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Christopher J. Reichert v. Elizabethtown College

April 10, 2012

CHRISTOPHER J. REICHERT, PLAINTIFF,
v.
ELIZABETHTOWN COLLEGE, ET AL.,
DEFENDANTS.



The opinion of the court was delivered by: Schiller, J.

MEMORANDUM

Plaintiff Christopher Reichert brought this action against Elizabethtown College, Dr. Carroll Tyminski, Dr. Mimi Staulters, Dr. Rachel Finley-Bowman, Dean Marie Calenda, Provost Susan Traverso, and Dr. Susan Pitcher under the Americans with Disabilities Act ("ADA") and the Rehabilitation Act ("RA") for failure to provide reasonable accommodations for his disabilities and for creating a hostile environment. He also sued under 42 U.S.C. § 1985 for conspiracy to discriminate against him based on his disabilities and under Pennsylvania law for breach of contract. The Court conducted a bench trial from January 9, 2012 through January 12, 2012. For the reasons stated below, the Court finds in favor of Defendants.

I. FINDINGS OF FACT

A. Reichert's Disabilities

Reichert suffers from Attention Deficit Hyperactivity Disorder ("ADHD"), epilepsy, and other challenges in learning, including "extremely slow language processing." (Trial Tr., 1/9/12 at 43, 117-18, 128.) His disabilities create difficulties with comprehension, organization, and time management. (Id. at 46, 73, 171.) As a result of Reichert's ADHD and slow language processing, Reichert has poor listening comprehension and frequently interrupts people. (Id. at 44.) Reichert also has seizures related to his epilepsy, which can be brought on by a lack of sleep. (Trial Tr., 1/10/12 at 114; Trial Tr., 1/11/12 at 130.)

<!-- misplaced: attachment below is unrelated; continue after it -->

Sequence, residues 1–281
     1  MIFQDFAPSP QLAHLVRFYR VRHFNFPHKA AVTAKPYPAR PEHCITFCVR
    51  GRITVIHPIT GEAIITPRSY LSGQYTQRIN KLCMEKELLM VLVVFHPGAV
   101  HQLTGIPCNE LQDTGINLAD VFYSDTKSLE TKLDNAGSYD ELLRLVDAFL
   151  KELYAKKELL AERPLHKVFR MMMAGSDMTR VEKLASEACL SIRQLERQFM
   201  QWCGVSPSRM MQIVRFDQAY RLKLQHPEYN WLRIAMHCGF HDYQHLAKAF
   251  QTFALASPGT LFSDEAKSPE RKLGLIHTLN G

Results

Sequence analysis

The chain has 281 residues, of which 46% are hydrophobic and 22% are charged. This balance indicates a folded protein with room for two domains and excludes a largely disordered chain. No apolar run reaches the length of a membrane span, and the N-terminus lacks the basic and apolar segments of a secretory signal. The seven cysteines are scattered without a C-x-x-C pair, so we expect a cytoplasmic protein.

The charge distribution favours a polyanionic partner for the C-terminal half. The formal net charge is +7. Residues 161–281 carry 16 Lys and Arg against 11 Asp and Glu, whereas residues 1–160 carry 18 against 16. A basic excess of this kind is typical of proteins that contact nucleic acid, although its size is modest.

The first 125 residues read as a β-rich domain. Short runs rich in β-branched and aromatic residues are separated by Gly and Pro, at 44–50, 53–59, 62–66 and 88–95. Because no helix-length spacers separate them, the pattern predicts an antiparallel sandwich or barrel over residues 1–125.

Reichert's ADHD life coach, Casey Dixon, testified that Reichert's greatest deficit is his slow processing speed, which places his academic fluency in the first percentile for his college year. (Trial Tr., 1/9/12 at 39.) Due to his processing disorder, Reichert has a hard time listening and processing speech. (Id. at 118.) As a result, he must spend more time to accomplish the same work as his peers, causing him extreme frustration. (Id.) Dixon explained that Reichert's frustration manifests in trembling and eye rolling and leads him to raise his voice. (Id. at 49.) Reichert also mutters to himself as a compensatory strategy to help him focus, and he was often not aware of his muttering at the time. (Id. at 109, 120.)

Reichert's disabilities adversely affected his performance in college. (Id. at 128.) He had difficulty comprehending lectures and focusing in class. (Id.) If he did not get enough sleep, he might appear disheveled. (Id.) He sometimes blurted out inappropriate comments in class. (Id. at 129.) However, Reichert testified that none of these challenges affect him when he is teaching because he is "hyper-focused" and not distracted. (Id. at 130.)